I often see a trick for calculating convolution of discrete data by a so-called Tabular method. There are a lot of Youtube videos and many Indian textbooks on Signal Processing [Books].1

Basically, if we have two series P = [1 3 5 3 1] and Q is [ 0 0 0 0.5 0.8 1 1 0 0 0]. One can make a table and multiply elements and sum up the diagonals as illustrated below. I color coded the diagonals. This process results in correct number of elements 10+5-1=14 elements.

Does anyone know who came up with this short cut? It seems like a nice approach for calculating convolution, correlation, cross correlation of discrete data.


Tabular method


This reference claims to have invented the tabular method as a "novel method":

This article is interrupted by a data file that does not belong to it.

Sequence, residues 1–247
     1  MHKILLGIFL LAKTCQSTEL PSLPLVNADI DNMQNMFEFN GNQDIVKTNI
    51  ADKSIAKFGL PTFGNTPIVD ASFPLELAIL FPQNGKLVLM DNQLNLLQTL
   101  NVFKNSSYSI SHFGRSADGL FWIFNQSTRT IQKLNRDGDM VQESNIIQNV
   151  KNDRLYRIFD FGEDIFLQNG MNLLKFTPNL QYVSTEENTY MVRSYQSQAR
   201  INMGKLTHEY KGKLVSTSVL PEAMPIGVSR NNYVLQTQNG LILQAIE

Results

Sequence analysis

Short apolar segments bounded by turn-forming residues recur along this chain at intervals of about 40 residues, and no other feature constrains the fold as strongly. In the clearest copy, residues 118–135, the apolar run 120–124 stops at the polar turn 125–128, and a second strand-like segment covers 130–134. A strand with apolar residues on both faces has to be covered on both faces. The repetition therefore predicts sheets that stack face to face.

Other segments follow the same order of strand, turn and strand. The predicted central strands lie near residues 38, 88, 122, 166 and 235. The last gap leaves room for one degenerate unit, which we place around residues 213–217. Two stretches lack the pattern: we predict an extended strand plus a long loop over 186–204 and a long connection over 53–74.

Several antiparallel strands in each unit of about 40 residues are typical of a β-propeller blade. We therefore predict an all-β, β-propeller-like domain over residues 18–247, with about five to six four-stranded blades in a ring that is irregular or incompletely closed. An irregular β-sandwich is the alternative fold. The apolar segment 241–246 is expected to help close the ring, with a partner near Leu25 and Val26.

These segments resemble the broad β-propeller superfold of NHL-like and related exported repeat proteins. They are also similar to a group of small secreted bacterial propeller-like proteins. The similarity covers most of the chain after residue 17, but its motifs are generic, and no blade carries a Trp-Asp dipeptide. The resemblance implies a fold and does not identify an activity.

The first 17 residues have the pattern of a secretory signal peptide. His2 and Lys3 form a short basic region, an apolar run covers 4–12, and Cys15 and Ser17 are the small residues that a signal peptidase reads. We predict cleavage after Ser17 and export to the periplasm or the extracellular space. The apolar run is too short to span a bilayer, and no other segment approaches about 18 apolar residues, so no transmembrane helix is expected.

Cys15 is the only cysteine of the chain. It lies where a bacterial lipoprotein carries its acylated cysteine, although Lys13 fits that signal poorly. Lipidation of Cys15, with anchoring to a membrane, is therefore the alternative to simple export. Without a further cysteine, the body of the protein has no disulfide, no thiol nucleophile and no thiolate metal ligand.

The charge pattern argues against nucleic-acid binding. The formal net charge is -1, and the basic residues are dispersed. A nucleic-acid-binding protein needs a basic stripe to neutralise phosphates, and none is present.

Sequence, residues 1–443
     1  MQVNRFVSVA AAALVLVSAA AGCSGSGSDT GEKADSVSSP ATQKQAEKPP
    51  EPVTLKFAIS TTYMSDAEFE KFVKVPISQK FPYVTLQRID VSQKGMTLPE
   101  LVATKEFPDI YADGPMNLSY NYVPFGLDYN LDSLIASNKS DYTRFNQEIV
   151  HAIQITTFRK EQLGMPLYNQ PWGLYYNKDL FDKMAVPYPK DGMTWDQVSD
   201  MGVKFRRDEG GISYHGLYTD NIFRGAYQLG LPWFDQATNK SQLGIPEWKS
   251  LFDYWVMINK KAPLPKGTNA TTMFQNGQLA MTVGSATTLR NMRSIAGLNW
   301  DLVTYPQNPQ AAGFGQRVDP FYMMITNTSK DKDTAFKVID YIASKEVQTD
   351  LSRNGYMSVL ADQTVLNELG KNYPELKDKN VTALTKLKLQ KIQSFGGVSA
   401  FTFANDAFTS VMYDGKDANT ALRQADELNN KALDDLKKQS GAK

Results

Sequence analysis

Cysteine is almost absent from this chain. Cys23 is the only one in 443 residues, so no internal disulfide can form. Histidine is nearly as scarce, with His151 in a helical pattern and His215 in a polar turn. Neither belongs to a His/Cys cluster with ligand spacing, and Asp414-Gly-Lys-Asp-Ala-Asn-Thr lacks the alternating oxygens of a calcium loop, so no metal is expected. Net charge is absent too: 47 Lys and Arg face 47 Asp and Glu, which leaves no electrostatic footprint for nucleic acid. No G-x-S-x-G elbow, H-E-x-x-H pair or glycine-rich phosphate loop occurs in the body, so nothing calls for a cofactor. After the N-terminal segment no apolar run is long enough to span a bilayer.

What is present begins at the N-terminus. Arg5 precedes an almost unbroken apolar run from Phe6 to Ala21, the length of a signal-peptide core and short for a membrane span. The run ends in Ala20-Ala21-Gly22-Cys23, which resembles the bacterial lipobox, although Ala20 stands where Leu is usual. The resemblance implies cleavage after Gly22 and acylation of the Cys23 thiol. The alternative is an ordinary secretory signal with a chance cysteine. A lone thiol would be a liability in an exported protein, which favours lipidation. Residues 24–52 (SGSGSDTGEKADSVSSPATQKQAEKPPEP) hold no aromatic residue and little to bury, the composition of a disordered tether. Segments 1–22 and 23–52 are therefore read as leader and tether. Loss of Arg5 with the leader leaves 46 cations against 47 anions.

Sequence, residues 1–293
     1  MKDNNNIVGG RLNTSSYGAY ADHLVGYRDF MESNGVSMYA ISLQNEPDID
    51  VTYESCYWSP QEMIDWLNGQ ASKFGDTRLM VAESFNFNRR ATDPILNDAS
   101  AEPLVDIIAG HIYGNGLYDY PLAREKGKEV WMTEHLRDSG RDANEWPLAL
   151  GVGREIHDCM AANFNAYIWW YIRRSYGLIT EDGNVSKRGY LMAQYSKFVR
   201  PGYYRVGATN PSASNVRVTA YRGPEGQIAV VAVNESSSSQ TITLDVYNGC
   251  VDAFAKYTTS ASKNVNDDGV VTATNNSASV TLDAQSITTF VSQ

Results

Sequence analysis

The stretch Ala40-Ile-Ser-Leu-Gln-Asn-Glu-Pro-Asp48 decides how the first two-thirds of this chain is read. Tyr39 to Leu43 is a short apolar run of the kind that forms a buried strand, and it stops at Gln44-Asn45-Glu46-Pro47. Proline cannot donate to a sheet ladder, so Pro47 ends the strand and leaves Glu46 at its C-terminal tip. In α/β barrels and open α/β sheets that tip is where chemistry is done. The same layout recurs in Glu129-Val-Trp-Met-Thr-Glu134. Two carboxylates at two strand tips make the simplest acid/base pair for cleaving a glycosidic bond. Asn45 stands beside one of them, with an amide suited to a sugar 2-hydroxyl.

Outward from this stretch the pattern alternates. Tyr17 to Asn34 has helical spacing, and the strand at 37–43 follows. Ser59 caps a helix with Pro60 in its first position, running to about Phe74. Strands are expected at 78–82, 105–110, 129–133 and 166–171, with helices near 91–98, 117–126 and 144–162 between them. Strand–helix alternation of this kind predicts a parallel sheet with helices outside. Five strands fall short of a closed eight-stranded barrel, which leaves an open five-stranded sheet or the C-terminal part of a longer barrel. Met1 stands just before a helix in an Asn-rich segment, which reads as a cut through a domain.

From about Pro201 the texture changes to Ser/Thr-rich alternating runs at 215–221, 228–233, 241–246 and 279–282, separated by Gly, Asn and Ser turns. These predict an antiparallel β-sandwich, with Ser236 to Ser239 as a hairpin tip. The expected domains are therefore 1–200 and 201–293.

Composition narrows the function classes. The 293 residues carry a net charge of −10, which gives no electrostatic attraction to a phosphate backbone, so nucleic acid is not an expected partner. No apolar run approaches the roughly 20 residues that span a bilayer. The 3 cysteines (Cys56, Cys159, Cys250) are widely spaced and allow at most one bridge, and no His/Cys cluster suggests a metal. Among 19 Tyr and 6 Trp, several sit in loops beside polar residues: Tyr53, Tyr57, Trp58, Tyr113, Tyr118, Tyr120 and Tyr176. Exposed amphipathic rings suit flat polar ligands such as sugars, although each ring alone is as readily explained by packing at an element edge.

A novel method for calculating the convolution sum of two finite length sequences, J.W. Pierre (1996).

Three variations of the tabular method are discussed in The use of spreadsheets to calculate the convolution sum of two finite sequences (2004), citing a 1990 text book.

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  • $\begingroup$ Thank you for the first reference on 1990. It is very nice. The 2004 reference shows the same approaches as I did in Excel with color coding but he cites reference 11, which is another South Asian author's textbook. I am sure, this approach must be older than 1990s. Also it seems this tabular of approach is quite popular in Indian engineering schools (as deduced from Youtube videos). $\endgroup$ – M. Farooq Feb 20 at 16:57
  • $\begingroup$ indeed, added the link to the text book. $\endgroup$ – Carlo Beenakker Feb 20 at 21:13

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